You may have heard of Koko – the west lowland gorilla who has been taught to “speak” to humans, using American Sign Language (ASL). Koko started learning sign language in 1972, at the age of one. Now 44 years old, Koko knows around 2000 words, ranging from basic objects to emotions. Project Koko, led by Dr Penny Patterson, is the longest uninterrupted study on ape language abilities. It was started to find out not only about gorillas and their cognitive abilities, but also to investigate what makes language human.
Koko has caught the eye and, in some cases, heart of many celebrities. Her friends include Betty White, Leo Di Caprio, Sting, Peter Gabriel, William Shatner, Mister Rogers and more. She established an especially close bond with late comedian Robin Williams. By the end of their first meeting, Robin and Koko were tickling each other and playing chase.
Many parallels have been found in the way Koko learns sign language with the way a small child learns sign language. However, Koko learns significantly slower and asks fewer questions. As Koko has an IQ which would not suggest she would learn slower, it is believed this may not be because gorillas are less capable of learning sign language, but rather because Koko is obviously not immersed in the same social situations as a human child.
As Dr Patterson teaches Koko the sign language, she also speaks the words aloud. This has allowed Koko to comprehend a lot of spoken English, which often shocks people the first time they meet her. They expect to be able to make comments about Koko to her trainers and are surprised to find that she follows the conversation.
Although Koko’s trainers are convinced she truly understands the words she is using, there are critics who argue that she is just mimicking, as Koko receives a reward when she signs certain words. Many claim that a lot of the data collected from Koko may be due to the Clever Hans effect – when asked a question, Koko may not be understanding and responding to the question, but rather can tell from her trainer that she is supposed to sign “yes”.
In response to these criticisms, Koko’s trainers argue that she is capable of sophisticated sign language, with consistent grammatical structure. Furthermore, Koko has been known to invent new signs for words she has not yet learned by stringing together words she knows, such as “scratch comb” instead of brush.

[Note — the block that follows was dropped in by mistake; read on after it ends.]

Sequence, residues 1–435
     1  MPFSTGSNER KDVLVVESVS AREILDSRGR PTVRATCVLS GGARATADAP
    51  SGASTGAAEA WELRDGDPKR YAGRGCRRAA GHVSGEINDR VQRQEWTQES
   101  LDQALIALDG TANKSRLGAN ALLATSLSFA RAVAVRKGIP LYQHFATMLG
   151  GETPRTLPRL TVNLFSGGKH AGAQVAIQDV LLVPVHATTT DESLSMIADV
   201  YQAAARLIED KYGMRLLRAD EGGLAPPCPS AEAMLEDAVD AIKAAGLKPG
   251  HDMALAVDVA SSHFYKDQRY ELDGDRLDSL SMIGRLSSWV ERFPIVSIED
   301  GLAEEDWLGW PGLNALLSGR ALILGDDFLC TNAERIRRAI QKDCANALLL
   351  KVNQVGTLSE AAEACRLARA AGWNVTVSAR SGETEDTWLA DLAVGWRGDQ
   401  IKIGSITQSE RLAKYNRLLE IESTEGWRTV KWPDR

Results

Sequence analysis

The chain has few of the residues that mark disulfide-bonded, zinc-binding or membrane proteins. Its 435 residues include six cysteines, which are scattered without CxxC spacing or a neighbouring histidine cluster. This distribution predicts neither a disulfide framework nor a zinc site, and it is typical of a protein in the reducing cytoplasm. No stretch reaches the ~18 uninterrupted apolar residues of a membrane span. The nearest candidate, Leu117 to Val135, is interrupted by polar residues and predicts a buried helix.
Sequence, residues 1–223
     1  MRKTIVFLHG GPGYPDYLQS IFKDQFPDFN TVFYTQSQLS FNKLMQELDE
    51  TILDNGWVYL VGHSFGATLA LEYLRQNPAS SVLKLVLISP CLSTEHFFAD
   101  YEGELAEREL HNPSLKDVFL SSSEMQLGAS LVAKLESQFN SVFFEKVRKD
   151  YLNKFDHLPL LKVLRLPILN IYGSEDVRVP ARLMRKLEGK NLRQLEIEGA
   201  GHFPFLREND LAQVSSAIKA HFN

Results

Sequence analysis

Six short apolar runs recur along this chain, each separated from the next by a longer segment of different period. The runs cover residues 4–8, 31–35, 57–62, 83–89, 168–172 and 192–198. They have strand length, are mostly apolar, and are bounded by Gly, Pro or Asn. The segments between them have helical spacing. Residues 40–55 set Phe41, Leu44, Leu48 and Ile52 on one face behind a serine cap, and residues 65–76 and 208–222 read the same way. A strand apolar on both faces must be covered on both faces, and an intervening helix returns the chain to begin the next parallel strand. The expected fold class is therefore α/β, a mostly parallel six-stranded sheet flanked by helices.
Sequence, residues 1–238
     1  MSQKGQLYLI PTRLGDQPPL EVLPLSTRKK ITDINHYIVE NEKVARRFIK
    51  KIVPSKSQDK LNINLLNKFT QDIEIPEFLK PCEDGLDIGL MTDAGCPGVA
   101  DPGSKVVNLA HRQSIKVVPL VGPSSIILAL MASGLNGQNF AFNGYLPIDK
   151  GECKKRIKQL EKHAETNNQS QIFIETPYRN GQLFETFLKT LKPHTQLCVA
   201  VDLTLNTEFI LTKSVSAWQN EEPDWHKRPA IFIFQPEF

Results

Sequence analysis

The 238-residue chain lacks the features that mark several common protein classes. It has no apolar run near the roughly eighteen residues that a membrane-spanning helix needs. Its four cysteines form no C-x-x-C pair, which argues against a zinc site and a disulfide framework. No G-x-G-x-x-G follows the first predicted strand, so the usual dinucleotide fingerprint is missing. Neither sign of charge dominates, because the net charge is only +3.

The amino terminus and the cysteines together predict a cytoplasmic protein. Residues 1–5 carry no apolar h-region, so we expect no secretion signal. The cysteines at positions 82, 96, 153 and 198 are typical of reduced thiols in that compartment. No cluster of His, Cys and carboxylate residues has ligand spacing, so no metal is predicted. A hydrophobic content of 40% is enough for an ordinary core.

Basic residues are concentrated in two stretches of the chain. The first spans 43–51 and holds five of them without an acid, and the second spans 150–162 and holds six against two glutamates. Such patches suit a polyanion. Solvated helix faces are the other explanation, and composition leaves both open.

One aspect of Koko’s personality which has captured many people’s hearts is her love of kittens. For years, Koko tried telling her trainers that she wanted a baby, and used to cuddle toy dolls. Obviously baby gorillas are not easy to come by, so instead the researchers got her kittens. Koko can be seen cuddling her kittens, and consistently asks for them to be put on her head.
It appears that Koko is capable of expressing complex emotions. When Koko’s first kitten, All Ball, was tragically killed by a car, Dr Patterson told Koko. Koko responded by saying she was sad, and her trainers report that she grieved for days afterwards.
Koko communicates feelings in a way that suggests extraordinary emotional depth. She has shown empathy, not only for other gorillas but also for humans. This has philosophical implications, as many would have once said that what makes humans human is that we have complex language and a sense of empathy, but it appears we actually share both of these traits with other primates.
There was a hope that Koko would show the world that gorillas are worth protecting – if they are capable of showing empathy towards us, shouldn’t we in return stop poaching them, and destroying their habitat? However, in the last 20 to 25 years (over 20 years into Project Koko), West lowland gorilla populations have fallen by 60%, largely due to poaching for bush meat.
Koko currently lives at The Gorilla Foundation in California, and was recently given a box of kittens to chose from as a 44th birthday present. She continues to use sign language every day, and has recently started to learn to read. In the future, Dr Patterson hopes that, some day, Koko may have a baby. If she does, the world will be watching to see if Koko can teach her infant sign language.